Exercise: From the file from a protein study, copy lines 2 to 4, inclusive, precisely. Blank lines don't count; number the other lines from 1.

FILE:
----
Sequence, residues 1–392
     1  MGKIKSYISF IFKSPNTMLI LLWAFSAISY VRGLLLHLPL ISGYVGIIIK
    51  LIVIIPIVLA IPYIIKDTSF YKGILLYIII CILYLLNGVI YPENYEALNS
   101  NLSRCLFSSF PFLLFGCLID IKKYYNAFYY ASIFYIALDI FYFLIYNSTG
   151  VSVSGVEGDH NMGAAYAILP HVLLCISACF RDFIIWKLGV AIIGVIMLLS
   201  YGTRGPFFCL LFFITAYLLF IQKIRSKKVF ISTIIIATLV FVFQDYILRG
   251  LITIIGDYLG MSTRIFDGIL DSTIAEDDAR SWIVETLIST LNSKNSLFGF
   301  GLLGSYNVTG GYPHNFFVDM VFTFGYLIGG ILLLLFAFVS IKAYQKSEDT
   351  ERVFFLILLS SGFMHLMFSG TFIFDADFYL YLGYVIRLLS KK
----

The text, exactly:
     1  MGKIKSYISF IFKSPNTMLI LLWAFSAISY VRGLLLHLPL ISGYVGIIIK
    51  LIVIIPIVLA IPYIIKDTSF YKGILLYIII CILYLLNGVI YPENYEALNS
   101  NLSRCLFSSF PFLLFGCLID IKKYYNAFYY ASIFYIALDI FYFLIYNSTG